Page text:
FDI Norms Relaxed by Govt for Single-Brand Retail: What Now for Apple?
In one of the key rulings of the new foreign direct investment norms, the 30 percent local sourcing norm has been pegged for review every five years, going forward.
Image for representation.
UPDATE: In an official statement, Apple has said, "We love our customers in India and we’re eager to serve them online and in-store with the same experience and care that Apple customers around the world enjoy. We appreciate the support and hard work by Prime Minister Modi and his team to make this possible and we look forward to one day welcoming customers to India’s first Apple retail store. It will take us some time to get our plans underway and we’ll have more to announce at a future date.”
Original story: The government of India has announced revised foreign direct investment norms for a wide range of industries. While this affects how many businesses would look at India, one particular aspect of the new FDI norms should positively impact Apple. In its new set of norms for single brand retail (under which Apple qualifies), such companies can set up their own online businesses in India first, followed by physical stores later.
In essence, this would allow Apple to set up its own online Apple Store in India, followed by physical Apple Store outlets in the following years. It is as yet unclear as to what timeframe has been allotted for the maximum duration that can be allowed between the commencement of online business and opening of physical stores. However, the online business for single brand retail can only be set up once the brand commits to the 30 percent local sourcing norm, which is still linked with this sector.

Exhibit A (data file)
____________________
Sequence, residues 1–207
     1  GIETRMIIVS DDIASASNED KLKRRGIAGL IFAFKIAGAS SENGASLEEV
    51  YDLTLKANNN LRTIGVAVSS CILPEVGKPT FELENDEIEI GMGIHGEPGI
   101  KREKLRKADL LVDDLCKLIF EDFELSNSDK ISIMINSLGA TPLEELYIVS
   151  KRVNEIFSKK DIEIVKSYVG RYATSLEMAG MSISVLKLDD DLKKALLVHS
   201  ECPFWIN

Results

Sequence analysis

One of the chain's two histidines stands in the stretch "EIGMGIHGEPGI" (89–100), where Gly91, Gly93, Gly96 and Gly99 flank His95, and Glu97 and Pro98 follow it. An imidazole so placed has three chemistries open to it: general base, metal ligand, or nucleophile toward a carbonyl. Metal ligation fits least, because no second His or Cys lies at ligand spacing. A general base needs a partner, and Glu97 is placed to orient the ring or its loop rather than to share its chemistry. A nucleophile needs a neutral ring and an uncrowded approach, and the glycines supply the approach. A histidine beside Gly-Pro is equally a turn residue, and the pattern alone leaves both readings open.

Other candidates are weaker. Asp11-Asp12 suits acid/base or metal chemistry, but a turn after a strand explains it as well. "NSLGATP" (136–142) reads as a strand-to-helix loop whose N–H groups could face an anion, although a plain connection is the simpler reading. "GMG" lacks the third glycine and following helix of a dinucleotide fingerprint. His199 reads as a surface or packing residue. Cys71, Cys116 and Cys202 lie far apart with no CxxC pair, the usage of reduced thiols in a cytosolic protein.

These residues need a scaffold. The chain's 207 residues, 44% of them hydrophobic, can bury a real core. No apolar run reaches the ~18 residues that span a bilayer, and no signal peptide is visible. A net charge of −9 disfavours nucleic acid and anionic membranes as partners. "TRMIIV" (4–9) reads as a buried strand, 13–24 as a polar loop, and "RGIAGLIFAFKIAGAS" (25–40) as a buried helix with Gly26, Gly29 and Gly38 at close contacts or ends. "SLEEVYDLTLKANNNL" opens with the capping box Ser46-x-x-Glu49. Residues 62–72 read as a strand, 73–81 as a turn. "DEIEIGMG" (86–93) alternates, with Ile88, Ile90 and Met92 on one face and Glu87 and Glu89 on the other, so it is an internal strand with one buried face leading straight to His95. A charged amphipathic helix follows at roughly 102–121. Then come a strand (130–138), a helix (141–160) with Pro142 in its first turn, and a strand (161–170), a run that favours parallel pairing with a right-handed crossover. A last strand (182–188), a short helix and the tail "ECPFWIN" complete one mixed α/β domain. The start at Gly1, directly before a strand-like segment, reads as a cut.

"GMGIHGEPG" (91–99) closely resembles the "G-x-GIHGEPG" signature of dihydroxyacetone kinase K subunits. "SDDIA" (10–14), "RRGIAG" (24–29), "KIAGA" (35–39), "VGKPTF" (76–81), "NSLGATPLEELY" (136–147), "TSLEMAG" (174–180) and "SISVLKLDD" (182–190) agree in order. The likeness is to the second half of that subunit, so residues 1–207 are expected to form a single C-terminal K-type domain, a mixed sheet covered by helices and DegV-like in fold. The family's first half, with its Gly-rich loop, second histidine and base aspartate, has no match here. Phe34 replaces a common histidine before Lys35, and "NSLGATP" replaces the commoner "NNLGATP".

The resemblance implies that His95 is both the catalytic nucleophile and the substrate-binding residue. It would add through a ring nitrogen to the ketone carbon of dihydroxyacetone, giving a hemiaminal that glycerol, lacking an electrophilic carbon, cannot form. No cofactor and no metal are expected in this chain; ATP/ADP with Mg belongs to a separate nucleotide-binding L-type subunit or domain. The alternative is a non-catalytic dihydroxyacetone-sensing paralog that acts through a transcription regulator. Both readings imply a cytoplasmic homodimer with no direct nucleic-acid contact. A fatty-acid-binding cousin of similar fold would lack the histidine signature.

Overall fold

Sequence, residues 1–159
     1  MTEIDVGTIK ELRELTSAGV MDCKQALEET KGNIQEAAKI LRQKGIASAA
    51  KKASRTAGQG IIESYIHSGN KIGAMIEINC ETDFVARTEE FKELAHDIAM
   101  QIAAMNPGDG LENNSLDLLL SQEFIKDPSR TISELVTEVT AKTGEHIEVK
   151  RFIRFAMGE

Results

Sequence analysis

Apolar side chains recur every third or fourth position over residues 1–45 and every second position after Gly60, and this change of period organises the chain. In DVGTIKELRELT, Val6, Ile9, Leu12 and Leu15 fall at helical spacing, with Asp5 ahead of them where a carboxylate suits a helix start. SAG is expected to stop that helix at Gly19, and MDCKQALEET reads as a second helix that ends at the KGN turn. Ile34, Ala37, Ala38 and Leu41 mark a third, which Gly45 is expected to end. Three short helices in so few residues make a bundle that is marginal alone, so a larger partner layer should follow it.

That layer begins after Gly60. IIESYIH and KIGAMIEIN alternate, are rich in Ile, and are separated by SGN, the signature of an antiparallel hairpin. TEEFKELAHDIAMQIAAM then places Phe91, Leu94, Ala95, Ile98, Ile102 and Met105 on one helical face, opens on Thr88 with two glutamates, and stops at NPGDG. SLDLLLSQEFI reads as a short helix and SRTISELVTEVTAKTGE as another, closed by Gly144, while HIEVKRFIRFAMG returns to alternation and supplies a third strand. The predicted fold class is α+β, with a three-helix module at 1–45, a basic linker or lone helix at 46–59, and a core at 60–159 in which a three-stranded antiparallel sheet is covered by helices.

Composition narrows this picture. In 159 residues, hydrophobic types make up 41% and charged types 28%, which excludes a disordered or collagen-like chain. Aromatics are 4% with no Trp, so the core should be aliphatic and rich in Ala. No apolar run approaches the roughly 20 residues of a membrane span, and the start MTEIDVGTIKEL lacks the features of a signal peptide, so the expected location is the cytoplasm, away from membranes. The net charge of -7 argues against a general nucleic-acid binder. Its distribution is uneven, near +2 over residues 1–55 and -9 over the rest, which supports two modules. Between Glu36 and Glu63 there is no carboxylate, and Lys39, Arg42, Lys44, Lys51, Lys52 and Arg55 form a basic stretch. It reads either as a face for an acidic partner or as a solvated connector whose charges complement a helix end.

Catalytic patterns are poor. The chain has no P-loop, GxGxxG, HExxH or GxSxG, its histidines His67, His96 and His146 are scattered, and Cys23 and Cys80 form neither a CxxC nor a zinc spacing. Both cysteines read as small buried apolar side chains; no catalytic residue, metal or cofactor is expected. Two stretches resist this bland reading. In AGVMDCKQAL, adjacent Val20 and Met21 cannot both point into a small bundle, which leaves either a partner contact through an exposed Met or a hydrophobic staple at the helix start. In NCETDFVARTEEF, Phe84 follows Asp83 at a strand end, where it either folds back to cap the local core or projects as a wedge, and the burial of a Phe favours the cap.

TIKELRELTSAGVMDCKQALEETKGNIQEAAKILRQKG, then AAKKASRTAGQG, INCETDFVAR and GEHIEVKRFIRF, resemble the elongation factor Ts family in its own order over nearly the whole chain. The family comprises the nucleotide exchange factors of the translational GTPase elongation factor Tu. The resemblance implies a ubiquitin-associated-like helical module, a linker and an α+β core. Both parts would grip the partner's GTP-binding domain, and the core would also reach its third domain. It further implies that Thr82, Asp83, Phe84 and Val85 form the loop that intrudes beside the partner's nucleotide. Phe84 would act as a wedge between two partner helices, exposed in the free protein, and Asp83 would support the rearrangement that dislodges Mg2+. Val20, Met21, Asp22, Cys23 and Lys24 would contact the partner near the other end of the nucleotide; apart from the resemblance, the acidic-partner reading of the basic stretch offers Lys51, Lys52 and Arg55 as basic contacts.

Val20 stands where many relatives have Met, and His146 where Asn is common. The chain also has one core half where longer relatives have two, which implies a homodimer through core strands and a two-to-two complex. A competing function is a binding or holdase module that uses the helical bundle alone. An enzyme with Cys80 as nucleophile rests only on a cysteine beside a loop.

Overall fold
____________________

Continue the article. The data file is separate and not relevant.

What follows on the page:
The government, however, has expanded the definition of 30 percent local sourcing in this sector, stating that such businesses such locally source 30 percent of all their procurements linked with its business in India, be it for export products or for domestic sale. The local sourcing of procurement shall also be inspected every five years, and not annually, like before. Given that Foxconn, which assembles Apple's iPhones, is already setting up shop in India, it remains to be seen whether such norms still stand in the way of Apple commencing trade in India officially, and not through third party channels.
The move should also positively affect specialised technology brands, that presently incur heavy duties because of import duties and trade barriers. It remains to be seen how Apple reacts to this development, and what this means for the technology industry in particular, going forward.
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